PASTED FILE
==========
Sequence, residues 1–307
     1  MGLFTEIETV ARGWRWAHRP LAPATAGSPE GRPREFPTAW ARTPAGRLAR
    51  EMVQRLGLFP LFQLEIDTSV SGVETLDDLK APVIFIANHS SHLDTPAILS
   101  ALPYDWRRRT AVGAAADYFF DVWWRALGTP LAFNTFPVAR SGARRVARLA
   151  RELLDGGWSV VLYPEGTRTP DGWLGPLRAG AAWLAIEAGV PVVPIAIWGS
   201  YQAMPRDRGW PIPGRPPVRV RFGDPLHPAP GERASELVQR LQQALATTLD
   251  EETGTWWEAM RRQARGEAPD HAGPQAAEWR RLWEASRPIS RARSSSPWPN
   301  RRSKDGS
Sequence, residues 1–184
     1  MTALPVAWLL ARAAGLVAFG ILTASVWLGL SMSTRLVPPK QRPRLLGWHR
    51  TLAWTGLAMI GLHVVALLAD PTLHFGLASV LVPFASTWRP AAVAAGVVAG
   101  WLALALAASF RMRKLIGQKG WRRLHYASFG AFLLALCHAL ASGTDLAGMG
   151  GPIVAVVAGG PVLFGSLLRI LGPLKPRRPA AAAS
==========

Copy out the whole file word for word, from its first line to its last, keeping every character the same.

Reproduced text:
Sequence, residues 1–307
     1  MGLFTEIETV ARGWRWAHRP LAPATAGSPE GRPREFPTAW ARTPAGRLAR
    51  EMVQRLGLFP LFQLEIDTSV SGVETLDDLK APVIFIANHS SHLDTPAILS
   101  ALPYDWRRRT AVGAAADYFF DVWWRALGTP LAFNTFPVAR SGARRVARLA
   151  RELLDGGWSV VLYPEGTRTP DGWLGPLRAG AAWLAIEAGV PVVPIAIWGS
   201  YQAMPRDRGW PIPGRPPVRV RFGDPLHPAP GERASELVQR LQQALATTLD
   251  EETGTWWEAM RRQARGEAPD HAGPQAAEWR RLWEASRPIS RARSSSPWPN
   301  RRSKDGS
Sequence, residues 1–184
     1  MTALPVAWLL ARAAGLVAFG ILTASVWLGL SMSTRLVPPK QRPRLLGWHR
    51  TLAWTGLAMI GLHVVALLAD PTLHFGLASV LVPFASTWRP AAVAAGVVAG
   101  WLALALAASF RMRKLIGQKG WRRLHYASFG AFLLALCHAL ASGTDLAGMG
   151  GPIVAVVAGG PVLFGSLLRI LGPLKPRRPA AAAS